Sometimes, the cliché that nothing stays the same, is a bad thing. But not in the case about which baby boomer Wendy Reichental wrote earlier this month in the Montreal Gazette. She was with her mother in her final days, and says change would be a blessing.
I recently witnessed something more and more boomers are seeing. It came as my mother lay dying. As so many of ours’ are. Which is why you should read this and try to avoid what I couldn’t.
Mine died last year of a sudden stroke, but not before surviving a painful week being bounced around between various sections of the emergency room at the Jewish General Hospital in Montreal. Before her death, my mother could only have been described as a Betty White double — sharp, funny, and although slow in movement, completely aware and hip.
I wrote to the head of the ER after her death. I poured all my anger and frustration into that letter, but with a determined purpose: to beg for change. I questioned why doctors and nurses are so quick to diagnose (or assume) that a patient is suffering from senility if the patient doesn’t answer a question properly or at all. I asked why staff don’t display more sensitivity, or fully understand the possible limitations seniors like my mother have, like hearing loss. The caregivers’ failures are inexcusable.
We should follow the model that some hospitals south of the border have put in place, like having special ER units and rooms designed specifically for the elderly. Softer mattresses to cushion more vulnerable bones and softer lighting are only two of the many things that could reduce the anxiety and consequences of an elderly patient brought in by ambulance.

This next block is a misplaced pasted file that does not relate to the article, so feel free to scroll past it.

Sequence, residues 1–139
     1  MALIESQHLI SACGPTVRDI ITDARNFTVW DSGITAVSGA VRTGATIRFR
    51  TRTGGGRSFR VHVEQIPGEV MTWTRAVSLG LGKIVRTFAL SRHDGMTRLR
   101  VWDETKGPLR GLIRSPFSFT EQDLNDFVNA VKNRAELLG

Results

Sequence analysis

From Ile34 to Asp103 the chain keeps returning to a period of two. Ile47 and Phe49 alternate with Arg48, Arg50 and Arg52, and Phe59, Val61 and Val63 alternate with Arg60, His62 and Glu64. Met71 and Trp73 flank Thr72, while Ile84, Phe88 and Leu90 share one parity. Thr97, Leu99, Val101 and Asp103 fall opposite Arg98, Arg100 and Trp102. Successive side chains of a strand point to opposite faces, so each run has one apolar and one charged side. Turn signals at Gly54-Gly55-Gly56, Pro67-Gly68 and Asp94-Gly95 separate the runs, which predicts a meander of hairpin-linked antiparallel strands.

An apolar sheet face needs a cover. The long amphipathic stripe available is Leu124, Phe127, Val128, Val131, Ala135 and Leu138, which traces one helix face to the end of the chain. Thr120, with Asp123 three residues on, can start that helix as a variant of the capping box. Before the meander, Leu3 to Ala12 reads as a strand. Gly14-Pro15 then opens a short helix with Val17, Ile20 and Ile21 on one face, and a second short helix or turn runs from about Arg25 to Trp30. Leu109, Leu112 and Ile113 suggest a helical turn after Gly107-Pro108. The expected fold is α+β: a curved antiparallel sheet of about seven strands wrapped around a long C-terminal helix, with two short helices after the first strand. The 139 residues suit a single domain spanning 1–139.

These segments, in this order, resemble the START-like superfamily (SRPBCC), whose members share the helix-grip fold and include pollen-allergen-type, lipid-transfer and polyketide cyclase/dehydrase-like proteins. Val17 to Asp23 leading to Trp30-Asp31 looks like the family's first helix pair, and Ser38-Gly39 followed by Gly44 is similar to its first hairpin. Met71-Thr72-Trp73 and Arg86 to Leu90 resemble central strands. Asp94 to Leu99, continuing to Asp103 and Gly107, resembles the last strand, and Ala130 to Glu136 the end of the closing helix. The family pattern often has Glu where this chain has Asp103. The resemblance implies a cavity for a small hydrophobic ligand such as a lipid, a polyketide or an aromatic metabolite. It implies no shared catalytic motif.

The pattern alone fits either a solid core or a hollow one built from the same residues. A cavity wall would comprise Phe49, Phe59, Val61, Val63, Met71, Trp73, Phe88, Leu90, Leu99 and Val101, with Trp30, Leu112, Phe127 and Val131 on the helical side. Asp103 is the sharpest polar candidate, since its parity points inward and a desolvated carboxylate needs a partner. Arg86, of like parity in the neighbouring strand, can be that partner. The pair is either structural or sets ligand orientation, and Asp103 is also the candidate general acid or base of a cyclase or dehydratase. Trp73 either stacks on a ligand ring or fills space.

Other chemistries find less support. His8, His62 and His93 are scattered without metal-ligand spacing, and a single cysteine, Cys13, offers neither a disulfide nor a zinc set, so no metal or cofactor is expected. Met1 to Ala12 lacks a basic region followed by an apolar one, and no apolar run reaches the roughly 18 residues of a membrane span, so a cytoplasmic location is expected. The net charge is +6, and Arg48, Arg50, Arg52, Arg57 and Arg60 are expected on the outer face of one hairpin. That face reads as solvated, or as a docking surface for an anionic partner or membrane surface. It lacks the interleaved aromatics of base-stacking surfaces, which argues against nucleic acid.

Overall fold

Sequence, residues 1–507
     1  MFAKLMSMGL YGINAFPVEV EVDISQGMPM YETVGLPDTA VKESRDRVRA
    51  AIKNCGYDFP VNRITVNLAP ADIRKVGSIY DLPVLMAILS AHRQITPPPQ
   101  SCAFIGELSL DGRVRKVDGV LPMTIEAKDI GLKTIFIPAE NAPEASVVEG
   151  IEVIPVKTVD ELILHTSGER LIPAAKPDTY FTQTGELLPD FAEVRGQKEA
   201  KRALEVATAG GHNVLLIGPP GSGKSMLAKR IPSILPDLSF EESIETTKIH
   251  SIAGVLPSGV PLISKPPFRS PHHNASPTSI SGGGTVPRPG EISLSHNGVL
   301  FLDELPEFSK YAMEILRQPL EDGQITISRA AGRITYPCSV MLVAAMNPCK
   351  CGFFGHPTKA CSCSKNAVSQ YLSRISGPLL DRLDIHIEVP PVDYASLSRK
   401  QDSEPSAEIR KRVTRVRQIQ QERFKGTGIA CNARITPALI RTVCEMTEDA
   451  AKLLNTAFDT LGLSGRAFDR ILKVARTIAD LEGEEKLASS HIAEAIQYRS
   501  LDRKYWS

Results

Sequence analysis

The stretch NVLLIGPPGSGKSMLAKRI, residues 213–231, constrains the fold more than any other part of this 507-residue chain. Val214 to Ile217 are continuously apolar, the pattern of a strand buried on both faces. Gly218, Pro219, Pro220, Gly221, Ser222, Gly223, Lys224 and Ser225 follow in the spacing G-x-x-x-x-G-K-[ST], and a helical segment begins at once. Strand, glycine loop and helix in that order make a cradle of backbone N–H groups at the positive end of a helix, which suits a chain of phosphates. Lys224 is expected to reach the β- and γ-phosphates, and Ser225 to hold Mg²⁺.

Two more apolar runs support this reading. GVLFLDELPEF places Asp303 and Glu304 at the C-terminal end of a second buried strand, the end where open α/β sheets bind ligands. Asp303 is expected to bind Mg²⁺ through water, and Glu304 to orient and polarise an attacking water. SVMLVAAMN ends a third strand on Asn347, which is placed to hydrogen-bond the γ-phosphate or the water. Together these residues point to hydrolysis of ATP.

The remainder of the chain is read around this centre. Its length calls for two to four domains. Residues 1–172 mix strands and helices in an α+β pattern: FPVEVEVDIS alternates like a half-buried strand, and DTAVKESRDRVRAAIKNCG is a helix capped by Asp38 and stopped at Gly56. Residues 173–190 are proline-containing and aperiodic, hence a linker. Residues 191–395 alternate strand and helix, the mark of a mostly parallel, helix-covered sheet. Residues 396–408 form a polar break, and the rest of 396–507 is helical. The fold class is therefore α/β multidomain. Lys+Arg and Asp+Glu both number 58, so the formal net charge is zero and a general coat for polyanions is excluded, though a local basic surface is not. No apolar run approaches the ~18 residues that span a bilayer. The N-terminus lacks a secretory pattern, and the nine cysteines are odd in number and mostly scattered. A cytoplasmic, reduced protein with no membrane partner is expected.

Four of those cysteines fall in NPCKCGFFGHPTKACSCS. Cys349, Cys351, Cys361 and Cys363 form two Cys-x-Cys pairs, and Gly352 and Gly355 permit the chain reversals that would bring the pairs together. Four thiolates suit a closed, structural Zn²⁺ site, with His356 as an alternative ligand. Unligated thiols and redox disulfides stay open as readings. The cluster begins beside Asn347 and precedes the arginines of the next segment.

To my absolute shock, I got a letter back, acknowledging my points and agreeing that there are numerous physical limitations with the current environment, where life-and-death decisions are being made with only a curtain between patients. The letter also agreed that staff do not always identify themselves to the patient or the families of the patient, and do not always demonstrate a suitable response to the special needs of our geriatric population.
I was told in the letter that my idea of having a reserved “geriatric section” is important, that the hospital is very committed to quality care of the elderly, that plans are underway to create a renovated “geriatric-friendly” unit with modified lighting, flooring, colors, and bathrooms, and that an architectural team is consulting on all of this.
I was thanked for my letter and told that the issue I had raised about some staff lacking sensitivity to patients with hearing deficits was the unfortunate consequence of the busy and loud environment that is the ER.
And I was told that what I had shared about what happened to my mother in that hospital’s ER was very helpful, and that constructive feedback can be the impetus for positive changes. I was thanked again and told that my taking the time to write about what I had witnessed will not go unnoticed or be in vain.
I read this letter with shaking hands and a heavy heart, because I will never know if this was just a standard letter meant to appease a distraught daughter who had just lost her mother and best friend, or whether what I had written would really get any recognition and consideration.
I can only appeal to others who experience firsthand, or witness, something in our hospitals that is not right to do, to get involved and voice these stories so that, hopefully, ER improvements will become a reality that we can all as a society benefit from one day. Because remember: when it’s no longer our parents … it will be us.
Wendy has written more about care of the elderly … click here for a link to the Montreal Gazette.